The brisk weather reflected the changing of the seasons. Summer has slipped silently away to make room for Autumn, bringing with it a dour mood. For one night more, however, there is no room for frowns or grumbles. Bob Log III is in town, and courtesy of this one man band, there is a party in Manchester.
Taking an eccentric twist on the blues singer/song writer, Bob Log III is a visual spectacle as much as he is an entertaining musician. His sound of old, dirty blues guitar with kick drum, high-hat and distorted vocals is only one half of the act. The visual part of Bob Log’s performance is courtesy of a sixties style motorbike helmet (with added telephone handset attached to the visor) and a spandex body suit in the style of Evel Knievel. This is a man who is hard to ignore.
Bob Log III starts the show by entering from the back of the Ruby lounge and walking through the audience. The raucous blues that he plays is juxtaposed against the eerie Sci-Fi atmosphere that accompanies him as stares from behind the blacked out visor of his helmet. The crowd is galvanized into a frenzied dance that is sort of a how-down, sort of a brawl. He walks on stage, instantly pounding his drum and cymbal that adds even more to the chaos that is already taking place.
For a very visual and eye catching act, his guitar playing should not be forgotten. The tone is overdriven, but still clear enough to hear the impressive playing. His slide playing is one of the fastest I’ve ever seen, which is no mean feat considering his head (and the weighty helmet) is waving from side to side. He sounds like a punk Johnny Cash, but complex and interesting. He plays pretty much constantly, only stopping for the occasional swig of a drink, which he takes turned away from the audience to retain his ludicrous enigma.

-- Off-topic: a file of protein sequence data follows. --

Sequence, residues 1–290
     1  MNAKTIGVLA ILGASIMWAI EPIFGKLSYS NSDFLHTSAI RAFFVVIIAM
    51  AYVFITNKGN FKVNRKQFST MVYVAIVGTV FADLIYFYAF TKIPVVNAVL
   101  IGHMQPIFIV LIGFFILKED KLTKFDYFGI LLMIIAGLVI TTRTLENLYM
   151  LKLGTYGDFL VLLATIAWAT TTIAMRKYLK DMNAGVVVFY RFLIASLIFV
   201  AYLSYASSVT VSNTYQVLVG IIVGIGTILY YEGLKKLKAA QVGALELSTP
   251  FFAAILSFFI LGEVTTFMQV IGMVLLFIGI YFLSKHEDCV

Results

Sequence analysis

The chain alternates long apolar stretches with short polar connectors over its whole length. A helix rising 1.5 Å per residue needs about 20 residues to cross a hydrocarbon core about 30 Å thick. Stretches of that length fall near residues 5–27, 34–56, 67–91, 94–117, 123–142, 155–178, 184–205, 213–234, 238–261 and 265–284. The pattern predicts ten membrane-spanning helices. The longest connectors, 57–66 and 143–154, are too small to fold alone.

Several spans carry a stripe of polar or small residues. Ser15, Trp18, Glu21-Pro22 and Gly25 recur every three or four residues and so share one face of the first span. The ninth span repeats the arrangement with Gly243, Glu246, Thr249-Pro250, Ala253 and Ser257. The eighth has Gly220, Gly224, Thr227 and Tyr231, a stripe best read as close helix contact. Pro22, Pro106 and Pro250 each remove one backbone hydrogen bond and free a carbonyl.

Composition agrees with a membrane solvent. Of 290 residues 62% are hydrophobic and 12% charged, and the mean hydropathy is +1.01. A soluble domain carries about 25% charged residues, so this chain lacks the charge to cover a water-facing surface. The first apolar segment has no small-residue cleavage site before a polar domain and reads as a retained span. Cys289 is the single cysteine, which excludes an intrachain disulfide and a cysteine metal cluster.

Bob Log III is certainly not for everyone and is more than a little eccentric. His main motif seems to be breasts and things slightly carnal. As much as it’s crass, it’s wildly entertaining. He played the crowd pleaser “Boob Scotch”, a mammary melody that traditionally starts with a woman from the crowd dipping her boob in his scotch. True to form, a female fan obliged to the cheers of the audience. As much as he is a great musician, there is not much variation in what he plays and the cutting tone of his vocals is enough to leave you with a tender ear drum. His brash stage presence polarises and there were certainly a few of the audience that were not fully anticipating what was to come. That said, those who knew what they had signed up for were bouncing from start to stop.
PHOTOS by Ste Breed of owtcreative.com
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